If you’ve ever felt like Brampton takes a backseat when it comes to healthcare funding, it’s not in your head — recent stats show Brampton’s network of hospitals has the lowest funding per capita than any other in Ontario.

As part of the Central West Local Health Integrated Network (LHIN) — which includes Brampton Civic, Peel Memorial and Etobicoke General — Brampton receives the least amount of funding per capita from the province for hospital funding.

Brampton has had an issue with chronic underfunding of healthcare for years and has been asking for funding for a new hospital for decades. Wait times in the city are one of the longest in the province, and the city’s one and only emergency room is often overcrowded.

The overcrowding all came to a head last year when it was revealed 4,352 patients were treated in the hallways of Brampton Civic between April 2016 and April 2017. One patient, Jamie-Lee Ball, made headlines last April after spending 5 days waiting in a hallway for treatment at Civic.

The problem isn’t a new one. Brampton has been the lowest funded area at least as far back as 2009, having received $515.33 per capita. In 2016/17 the city saw an 18.6 per cent increase moving that number up to $611.35 per capita.

The city trails behind Mississauga which received $869.86, and Hamilton, which received more than double what Brampton gets at $1,414.56 in funding per capita.

At the top end of the spectrum sits Toronto Central, which includes 14 public hospitals and serves about 1.5 million people. It received $2,964.11 per capita in 2016/17, a whopping four times the amount of funding that Brampton gets.

Ford recently announced this week a $500,000 grant for a new hospital in Grimsby, Ont., and Brampton will be looking for funding too.

In the spring elections, Ford referenced the hallway medicine crisis at Civic saying, “More than 4,300 patients at Brampton Civic Hospital were dealt with in the hallways. We’re going to end hallway healthcare once and for all. And the way we’re going to end it is to get input [from] the doctors and nurses.”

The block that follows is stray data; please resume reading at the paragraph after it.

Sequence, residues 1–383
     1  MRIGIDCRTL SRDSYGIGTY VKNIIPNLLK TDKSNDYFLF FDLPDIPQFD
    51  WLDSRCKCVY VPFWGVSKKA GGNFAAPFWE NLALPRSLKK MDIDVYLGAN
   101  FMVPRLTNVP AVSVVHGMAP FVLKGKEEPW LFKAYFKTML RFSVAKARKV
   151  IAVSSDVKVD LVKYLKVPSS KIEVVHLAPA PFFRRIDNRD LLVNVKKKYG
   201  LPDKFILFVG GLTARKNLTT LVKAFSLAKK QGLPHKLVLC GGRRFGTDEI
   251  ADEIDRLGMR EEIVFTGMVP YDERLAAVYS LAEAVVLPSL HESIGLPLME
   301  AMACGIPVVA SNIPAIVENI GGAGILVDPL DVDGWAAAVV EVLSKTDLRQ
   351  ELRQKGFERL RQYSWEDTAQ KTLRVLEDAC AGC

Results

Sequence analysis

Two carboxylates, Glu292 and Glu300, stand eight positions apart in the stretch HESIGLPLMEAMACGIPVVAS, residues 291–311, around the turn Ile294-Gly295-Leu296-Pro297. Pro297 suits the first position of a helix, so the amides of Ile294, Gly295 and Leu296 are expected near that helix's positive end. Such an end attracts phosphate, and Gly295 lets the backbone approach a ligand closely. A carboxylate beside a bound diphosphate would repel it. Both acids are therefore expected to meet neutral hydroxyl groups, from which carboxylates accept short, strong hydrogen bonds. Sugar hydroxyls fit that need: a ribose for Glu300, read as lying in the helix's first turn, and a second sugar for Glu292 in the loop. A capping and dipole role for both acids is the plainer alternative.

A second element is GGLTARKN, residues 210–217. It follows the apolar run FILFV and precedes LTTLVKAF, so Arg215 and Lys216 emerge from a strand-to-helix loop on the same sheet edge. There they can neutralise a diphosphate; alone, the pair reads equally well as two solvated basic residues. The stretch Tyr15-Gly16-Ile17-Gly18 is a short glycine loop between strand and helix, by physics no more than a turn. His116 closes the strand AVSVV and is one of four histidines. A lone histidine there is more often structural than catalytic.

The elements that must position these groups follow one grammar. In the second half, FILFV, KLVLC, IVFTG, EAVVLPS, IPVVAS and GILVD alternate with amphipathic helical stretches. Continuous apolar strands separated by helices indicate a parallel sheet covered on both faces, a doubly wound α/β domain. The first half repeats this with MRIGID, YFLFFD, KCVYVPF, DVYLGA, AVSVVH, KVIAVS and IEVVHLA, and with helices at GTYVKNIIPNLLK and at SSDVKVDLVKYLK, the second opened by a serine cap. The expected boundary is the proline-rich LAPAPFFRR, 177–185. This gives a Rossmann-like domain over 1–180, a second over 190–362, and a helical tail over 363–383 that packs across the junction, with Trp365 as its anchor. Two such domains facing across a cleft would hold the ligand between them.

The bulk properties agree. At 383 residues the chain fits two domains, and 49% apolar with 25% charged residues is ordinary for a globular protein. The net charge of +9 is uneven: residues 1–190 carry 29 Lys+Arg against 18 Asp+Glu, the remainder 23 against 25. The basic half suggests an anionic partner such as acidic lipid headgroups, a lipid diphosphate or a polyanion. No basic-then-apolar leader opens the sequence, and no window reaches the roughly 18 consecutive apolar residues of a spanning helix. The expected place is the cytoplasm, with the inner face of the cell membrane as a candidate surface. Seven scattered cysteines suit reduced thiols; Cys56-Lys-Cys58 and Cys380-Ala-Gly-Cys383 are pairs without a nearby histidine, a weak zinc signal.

Despite this Ford hasn’t made any indications he plans to invest healthcare funding in Brampton in the forseeable future. In October Brampton NDP MPPs moved a motion at Queen’s Park to commit funding for a new hospital in Brampton, as well as funding for the expansion of Peel Memorial. The motion was not passed.

Still, the issue remains a pressing one for Brampton residents. “We are ground zero for hallway healthcare here in Brampton and we need funding now,” says Councllor-Elect for Ward 1/5, Paul Vicente.

The emergency department at Brampton Civic was originally built to serve 80,000 visitors annually but now sees 138,000 every year.

Brampton Civic Hospital currently has 608 beds to service a population of over 600,000 residents, or approximately 1 bed for every 986 people. In neighbouring Mississauga, 721,000 residents have a choice of two full-service hospital facilities and more than 1,200 beds, which works out to 1 bed for every 600 people.

When the new Peel Memorial Centre for Health and Wellness opened earlier this year, the facility promised to relieve the pressure on Brampton Civic Hospital. But data indicates the facility was bursting at the seams almost as soon as it opened.

Visits to Peel Memorial are projected to exceed 65,000 in its first year, 20,000 more than provided for by provincial funding.

Better per capita funding could at the very least mean more beds at Brampton Civic to improve the city’s lopsided ratios, but it could also mean upgrading Peel Memorial to a full hospital, or even the construction of a second full hospital, which Bramptonians have requested for decades.

No doubt, Brampton will be watching closely for any news of healthcare funding as Ford navigates his first year in office and tables his first budget.